When they seek relocation in other countries, sexual and gender minorities can face further violence and oppression. A report by United Nations High Commission for Refugees (UNHCR) published in 2016 found that:
“LGBTI asylum-seekers and refugees are subject to severe social exclusion and violence in countries of asylum by both the host community and the broader asylum-seeker and refugee community.”
These are the concrete processes of inequality and violence that conflict research must address, and they are underpinned by economic inequities and inequalities in decision-making power that are actively maintained.
The Havana peace negotiation (2012–2016) – which led to the Colombian peace accord in 2016 – highlights how policies and laws can be included in negotiation processes and in the agreements that emerge. The Colombian accord addressed past inequities, violence, insecurities, and forms of economic and social marginalisation. The agreement not only recognized violence against LGBTI+ people as an aspect of conflict, it also recognized the role of local-level social hierarchies in supporting human rights violations within the transitional framework.
In addition, the recent legalisation of same-sex marriage in Northern Ireland exposes the advances that sustained struggle for legal equality can secure in the context of peacebuilding. Much can be done during peacebuilding to address the historical inequities and violences experienced by sexual and gender minorities. Despite these examples of significant advances in sexual and gender equality, it is important to note that in both Colombia and Northern Ireland, powerful groups have continued to frame demands for legal reform and political inclusion as reprehensible, and as a challenge to the moral integrity of the nation. Moreover, legal change does not invariably lead to reductions in prejudice or violence; Colombia’s murder rate fell to its lowest level in four decades in 2017, but government figures indicated no drop in the number of LGBTI+ people murdered in that year.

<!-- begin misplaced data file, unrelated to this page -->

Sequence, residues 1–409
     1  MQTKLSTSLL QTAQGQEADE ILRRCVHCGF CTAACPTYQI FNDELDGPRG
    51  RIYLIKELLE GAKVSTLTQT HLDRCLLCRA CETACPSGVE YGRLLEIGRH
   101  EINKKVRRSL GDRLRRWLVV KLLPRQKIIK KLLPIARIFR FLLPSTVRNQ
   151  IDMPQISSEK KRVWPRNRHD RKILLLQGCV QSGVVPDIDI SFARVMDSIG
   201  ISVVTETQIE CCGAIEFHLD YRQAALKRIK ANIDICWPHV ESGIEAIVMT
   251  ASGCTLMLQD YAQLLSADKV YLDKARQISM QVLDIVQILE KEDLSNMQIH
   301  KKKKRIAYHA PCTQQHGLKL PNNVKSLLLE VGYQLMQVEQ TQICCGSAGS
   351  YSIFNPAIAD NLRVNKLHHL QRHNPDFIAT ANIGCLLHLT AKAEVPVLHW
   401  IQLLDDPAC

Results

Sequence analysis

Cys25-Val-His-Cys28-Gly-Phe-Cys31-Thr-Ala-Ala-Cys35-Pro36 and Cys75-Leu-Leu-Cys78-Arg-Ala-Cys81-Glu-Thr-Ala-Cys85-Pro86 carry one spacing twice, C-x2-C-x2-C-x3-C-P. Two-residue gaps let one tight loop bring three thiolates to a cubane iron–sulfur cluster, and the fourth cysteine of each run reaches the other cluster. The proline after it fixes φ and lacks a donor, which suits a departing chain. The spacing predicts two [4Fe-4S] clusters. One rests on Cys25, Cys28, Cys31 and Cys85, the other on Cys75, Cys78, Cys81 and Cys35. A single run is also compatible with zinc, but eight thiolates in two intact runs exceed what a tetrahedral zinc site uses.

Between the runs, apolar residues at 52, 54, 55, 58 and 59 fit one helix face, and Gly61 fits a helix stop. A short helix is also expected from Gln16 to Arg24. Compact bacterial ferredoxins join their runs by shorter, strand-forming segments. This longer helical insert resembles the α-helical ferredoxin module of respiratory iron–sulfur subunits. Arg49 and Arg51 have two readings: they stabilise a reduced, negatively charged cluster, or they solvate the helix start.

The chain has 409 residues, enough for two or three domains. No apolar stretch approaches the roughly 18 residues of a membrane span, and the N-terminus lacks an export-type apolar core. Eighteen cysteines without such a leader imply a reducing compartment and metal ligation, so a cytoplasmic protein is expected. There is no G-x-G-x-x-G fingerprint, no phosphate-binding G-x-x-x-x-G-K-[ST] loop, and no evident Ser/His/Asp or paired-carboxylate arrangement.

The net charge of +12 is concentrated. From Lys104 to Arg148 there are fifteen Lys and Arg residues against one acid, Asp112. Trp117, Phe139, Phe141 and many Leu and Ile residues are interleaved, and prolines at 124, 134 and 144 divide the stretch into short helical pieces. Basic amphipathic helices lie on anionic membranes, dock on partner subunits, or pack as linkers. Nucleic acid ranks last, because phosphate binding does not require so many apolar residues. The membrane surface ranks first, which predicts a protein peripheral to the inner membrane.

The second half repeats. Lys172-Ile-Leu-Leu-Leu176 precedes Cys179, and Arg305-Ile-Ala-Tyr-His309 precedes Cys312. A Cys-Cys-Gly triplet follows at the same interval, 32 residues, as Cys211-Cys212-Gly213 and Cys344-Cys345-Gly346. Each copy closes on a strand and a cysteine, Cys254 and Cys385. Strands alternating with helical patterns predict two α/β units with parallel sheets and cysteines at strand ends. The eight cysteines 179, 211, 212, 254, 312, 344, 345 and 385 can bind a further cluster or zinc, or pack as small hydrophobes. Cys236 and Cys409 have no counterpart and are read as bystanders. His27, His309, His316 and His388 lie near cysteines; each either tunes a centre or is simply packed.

Purposeful action is required by national and international actors to address the ongoing violence experienced by sexual and gender minorities during and after conflict, and academics have a responsibility to ensure that those expressions of violence are recognised in conflict-focused and transitional justice research. In this respect, the framers of the Yogyakarta principles have charted a clear theoretical and policy-focused path for scholars and policy-makers.
Meaningful peacebuilding requires an approach that supports diversity, inclusion and equality for all identities affected by conflict. Peacebuilding cannot be reduced to the management of antagonistic ethnic-blocs. Those who have struggled to end ideological and material violence against LGBTI+ people during conflict and who have campaigned for their inclusion in peacebuilding processes have presented us with a version of peace that is inclusive, diverse and progressive. Conflict research must incorporate that vision because it represents a more meaningful form of peace for the whole society that challenges multiple expressions of violence, injustice and inequality.
Fidelma Ashe is a reader in politics and member of the Transitional Justice Institute at Ulster University. Her recent book, Gender, Nationalism and Conflict Transformation: New Themes and Old Problems in Northern Ireland Politics (Routledge) interrogates the role of gender and sexuality in shaping both conflict and peace.